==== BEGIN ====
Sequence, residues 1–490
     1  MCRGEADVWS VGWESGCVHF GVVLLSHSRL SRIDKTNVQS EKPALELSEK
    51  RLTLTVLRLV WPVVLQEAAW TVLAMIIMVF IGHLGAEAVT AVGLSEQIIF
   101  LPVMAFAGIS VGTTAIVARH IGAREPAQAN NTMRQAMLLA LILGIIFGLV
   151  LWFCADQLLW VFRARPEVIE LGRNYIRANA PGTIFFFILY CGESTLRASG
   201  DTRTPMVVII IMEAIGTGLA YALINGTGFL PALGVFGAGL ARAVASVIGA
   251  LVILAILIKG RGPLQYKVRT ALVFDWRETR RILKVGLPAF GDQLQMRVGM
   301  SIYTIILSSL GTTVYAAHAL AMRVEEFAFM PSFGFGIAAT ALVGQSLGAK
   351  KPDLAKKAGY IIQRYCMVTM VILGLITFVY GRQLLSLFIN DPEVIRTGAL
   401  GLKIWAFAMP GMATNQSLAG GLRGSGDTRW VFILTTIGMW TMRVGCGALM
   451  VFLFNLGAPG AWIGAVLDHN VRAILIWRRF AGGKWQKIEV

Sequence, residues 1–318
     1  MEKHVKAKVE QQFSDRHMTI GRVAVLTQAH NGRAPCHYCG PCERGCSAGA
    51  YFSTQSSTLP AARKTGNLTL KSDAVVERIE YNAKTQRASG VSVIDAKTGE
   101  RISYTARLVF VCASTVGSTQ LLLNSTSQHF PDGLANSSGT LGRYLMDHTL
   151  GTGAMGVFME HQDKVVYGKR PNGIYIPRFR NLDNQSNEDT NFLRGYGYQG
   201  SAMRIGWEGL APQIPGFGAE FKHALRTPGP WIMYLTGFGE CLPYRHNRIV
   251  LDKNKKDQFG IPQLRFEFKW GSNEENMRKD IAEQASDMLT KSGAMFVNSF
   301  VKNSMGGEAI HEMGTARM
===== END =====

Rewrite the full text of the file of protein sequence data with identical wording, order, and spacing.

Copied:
Sequence, residues 1–490
     1  MCRGEADVWS VGWESGCVHF GVVLLSHSRL SRIDKTNVQS EKPALELSEK
    51  RLTLTVLRLV WPVVLQEAAW TVLAMIIMVF IGHLGAEAVT AVGLSEQIIF
   101  LPVMAFAGIS VGTTAIVARH IGAREPAQAN NTMRQAMLLA LILGIIFGLV
   151  LWFCADQLLW VFRARPEVIE LGRNYIRANA PGTIFFFILY CGESTLRASG
   201  DTRTPMVVII IMEAIGTGLA YALINGTGFL PALGVFGAGL ARAVASVIGA
   251  LVILAILIKG RGPLQYKVRT ALVFDWRETR RILKVGLPAF GDQLQMRVGM
   301  SIYTIILSSL GTTVYAAHAL AMRVEEFAFM PSFGFGIAAT ALVGQSLGAK
   351  KPDLAKKAGY IIQRYCMVTM VILGLITFVY GRQLLSLFIN DPEVIRTGAL
   401  GLKIWAFAMP GMATNQSLAG GLRGSGDTRW VFILTTIGMW TMRVGCGALM
   451  VFLFNLGAPG AWIGAVLDHN VRAILIWRRF AGGKWQKIEV

Sequence, residues 1–318
     1  MEKHVKAKVE QQFSDRHMTI GRVAVLTQAH NGRAPCHYCG PCERGCSAGA
    51  YFSTQSSTLP AARKTGNLTL KSDAVVERIE YNAKTQRASG VSVIDAKTGE
   101  RISYTARLVF VCASTVGSTQ LLLNSTSQHF PDGLANSSGT LGRYLMDHTL
   151  GTGAMGVFME HQDKVVYGKR PNGIYIPRFR NLDNQSNEDT NFLRGYGYQG
   201  SAMRIGWEGL APQIPGFGAE FKHALRTPGP WIMYLTGFGE CLPYRHNRIV
   251  LDKNKKDQFG IPQLRFEFKW GSNEENMRKD IAEQASDMLT KSGAMFVNSF
   301  VKNSMGGEAI HEMGTARM